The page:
Jentery Sayers and Sheila Brennan awarded University of Michigan Press/HASTAC prize

by Shaun Manning on June 14, 2012

The University of Michigan Press and HASTAC (the Humanities, Arts, Science, and Technology Advance Collaboratory) are pleased to announce the selection of Jentery Sayers and Sheila Brennan as recipients of the UM Press/HASTAC Digital Humanities Publication Prize. Each Prize carries $5,000 in subvention funds and an advance contract with the Press series DigitalHumanities@digitalculturebooks.

Jentery Sayers, Assistant Professor of English at the University of Victoria, is working on a hybrid print and digital long-form transmedia work How Text Lost Its Source: Magnetic Recording Cultures. It integrates critical theories of technologies and media with knowledge of materials and historical particulars in the neglected cultural history of magnetic recordings. “The final product will be a unique and pioneering contribution to an understudied area, the technocultural history of magnetic recording,” HASTAC Executive Board member and Digital Humanities@digitalculturebooks series co-editor Julie Thompson Klein said in recommending Professor Sayers’ project for the award, speaking on behalf of the conference prize committee, co-editors of the series, and Editor-in-Chief of the Press.

Sheila Brennan, Associate Director of Public Projects Division and Research Assistant Professor in the Department of History and Art History at George Mason University, is working on a hybrid print and digital project entitled Stamping American Memory, investigating how the post office shaped American cultural memory in the late nineteenth and early twentieth century through its commemorative stamp program. “This project addresses a neglected aspect of American cultural history that will appeal not only to academic scholars across disciplines and fields but also the general public, including the dedicated community of philatelists,” Dr. Klein said of Stamping American Memory. “It sits at the intersection of vernacular and official interests, bringing to light the role that historical artifacts play in carrying political messages while simultaneously serving the needs and interests of small groups and individuals.”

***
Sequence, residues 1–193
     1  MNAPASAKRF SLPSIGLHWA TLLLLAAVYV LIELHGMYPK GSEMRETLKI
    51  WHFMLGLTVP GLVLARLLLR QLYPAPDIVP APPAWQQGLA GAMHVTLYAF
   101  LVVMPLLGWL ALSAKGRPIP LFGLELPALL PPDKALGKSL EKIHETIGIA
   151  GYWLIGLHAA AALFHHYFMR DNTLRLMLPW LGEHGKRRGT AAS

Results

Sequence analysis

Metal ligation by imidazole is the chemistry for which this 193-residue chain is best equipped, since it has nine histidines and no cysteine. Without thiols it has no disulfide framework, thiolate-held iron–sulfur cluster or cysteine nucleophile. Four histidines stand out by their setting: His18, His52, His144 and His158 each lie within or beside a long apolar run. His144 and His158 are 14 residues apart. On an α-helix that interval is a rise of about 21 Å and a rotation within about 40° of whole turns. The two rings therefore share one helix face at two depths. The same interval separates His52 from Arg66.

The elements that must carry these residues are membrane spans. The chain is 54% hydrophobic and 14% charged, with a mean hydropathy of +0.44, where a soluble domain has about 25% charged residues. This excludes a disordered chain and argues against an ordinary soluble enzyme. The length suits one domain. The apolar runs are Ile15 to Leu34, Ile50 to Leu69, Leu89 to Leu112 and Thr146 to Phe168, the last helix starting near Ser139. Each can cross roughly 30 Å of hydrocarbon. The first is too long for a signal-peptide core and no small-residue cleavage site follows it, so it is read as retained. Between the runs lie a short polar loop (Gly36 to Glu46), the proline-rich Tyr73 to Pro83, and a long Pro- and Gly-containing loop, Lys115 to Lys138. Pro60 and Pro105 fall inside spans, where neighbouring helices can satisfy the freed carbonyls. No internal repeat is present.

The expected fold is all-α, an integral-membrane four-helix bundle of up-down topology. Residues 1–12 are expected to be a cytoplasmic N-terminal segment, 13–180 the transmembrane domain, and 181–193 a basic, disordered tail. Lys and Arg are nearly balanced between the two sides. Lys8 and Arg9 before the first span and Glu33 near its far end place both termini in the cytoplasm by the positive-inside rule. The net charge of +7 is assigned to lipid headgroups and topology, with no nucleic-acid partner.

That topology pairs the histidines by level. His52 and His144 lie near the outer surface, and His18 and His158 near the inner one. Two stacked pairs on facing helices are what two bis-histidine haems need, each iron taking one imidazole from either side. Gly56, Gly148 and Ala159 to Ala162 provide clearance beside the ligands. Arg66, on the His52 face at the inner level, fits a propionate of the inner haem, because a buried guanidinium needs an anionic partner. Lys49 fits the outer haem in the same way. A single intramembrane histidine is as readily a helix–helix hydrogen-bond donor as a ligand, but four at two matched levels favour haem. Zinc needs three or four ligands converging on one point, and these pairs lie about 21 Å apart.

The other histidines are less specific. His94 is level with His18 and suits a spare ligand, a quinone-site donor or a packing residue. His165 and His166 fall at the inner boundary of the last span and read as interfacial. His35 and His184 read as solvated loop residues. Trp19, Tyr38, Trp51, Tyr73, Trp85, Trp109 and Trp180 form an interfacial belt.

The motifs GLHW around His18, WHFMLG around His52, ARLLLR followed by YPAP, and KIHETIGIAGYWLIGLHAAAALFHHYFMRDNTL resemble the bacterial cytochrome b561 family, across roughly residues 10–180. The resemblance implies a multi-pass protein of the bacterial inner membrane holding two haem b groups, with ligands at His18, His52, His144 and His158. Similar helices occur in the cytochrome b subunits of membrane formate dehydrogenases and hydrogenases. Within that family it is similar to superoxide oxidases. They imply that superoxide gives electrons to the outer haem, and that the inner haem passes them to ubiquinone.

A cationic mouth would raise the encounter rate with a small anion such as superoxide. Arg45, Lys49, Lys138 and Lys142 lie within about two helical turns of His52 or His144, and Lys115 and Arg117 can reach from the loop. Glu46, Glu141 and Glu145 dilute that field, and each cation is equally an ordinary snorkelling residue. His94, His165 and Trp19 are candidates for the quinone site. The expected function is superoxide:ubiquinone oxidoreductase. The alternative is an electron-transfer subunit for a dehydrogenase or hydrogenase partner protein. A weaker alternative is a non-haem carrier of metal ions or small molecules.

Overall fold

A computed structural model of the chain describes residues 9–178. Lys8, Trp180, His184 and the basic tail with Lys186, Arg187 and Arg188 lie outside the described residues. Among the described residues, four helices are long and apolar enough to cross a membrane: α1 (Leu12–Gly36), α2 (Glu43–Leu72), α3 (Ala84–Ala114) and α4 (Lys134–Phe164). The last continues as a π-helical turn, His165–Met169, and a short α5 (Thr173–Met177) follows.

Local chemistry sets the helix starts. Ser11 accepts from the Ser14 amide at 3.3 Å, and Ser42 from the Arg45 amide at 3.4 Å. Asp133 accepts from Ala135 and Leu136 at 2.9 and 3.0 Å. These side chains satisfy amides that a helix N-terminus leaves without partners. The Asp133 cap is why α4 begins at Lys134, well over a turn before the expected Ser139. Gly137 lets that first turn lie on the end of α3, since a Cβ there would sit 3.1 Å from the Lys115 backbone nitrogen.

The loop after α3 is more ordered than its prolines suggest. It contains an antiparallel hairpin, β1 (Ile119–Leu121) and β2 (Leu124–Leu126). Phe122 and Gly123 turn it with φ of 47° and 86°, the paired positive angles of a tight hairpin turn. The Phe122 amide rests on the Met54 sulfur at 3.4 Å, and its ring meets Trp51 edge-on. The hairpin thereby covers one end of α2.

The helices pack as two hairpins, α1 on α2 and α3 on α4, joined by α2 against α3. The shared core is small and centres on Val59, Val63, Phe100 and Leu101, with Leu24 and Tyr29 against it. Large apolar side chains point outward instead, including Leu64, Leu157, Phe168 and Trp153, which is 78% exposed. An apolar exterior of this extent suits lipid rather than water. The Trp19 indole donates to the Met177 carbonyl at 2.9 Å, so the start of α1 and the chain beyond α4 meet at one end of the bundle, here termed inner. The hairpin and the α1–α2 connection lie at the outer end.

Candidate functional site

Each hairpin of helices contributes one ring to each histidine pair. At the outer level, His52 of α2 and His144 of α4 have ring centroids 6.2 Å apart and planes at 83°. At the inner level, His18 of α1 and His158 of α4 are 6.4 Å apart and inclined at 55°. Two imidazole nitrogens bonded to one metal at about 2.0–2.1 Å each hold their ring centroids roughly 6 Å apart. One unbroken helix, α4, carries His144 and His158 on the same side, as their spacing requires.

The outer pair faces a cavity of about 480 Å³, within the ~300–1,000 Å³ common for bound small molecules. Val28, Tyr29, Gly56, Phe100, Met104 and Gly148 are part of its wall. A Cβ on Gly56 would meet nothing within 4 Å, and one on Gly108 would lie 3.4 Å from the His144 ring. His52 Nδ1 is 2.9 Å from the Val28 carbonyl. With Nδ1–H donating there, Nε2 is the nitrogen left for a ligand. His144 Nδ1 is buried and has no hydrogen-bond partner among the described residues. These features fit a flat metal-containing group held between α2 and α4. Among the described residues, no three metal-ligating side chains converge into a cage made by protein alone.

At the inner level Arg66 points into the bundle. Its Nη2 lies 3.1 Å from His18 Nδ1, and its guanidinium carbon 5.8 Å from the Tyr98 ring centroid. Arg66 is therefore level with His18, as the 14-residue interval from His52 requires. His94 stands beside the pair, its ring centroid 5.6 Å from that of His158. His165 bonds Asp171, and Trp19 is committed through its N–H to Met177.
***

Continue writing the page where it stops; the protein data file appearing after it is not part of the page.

Funded by the University of Michigan’s Institute for the Humanities, the UM Press/HASTAC Digital Humanities Publication Prize launched this year in conjunction with the HASTAC V conference hosted on the Michigan campus. Professors Brennan and Sayers were selected for their innovative and important projects advancing the field of Digital Humanities.

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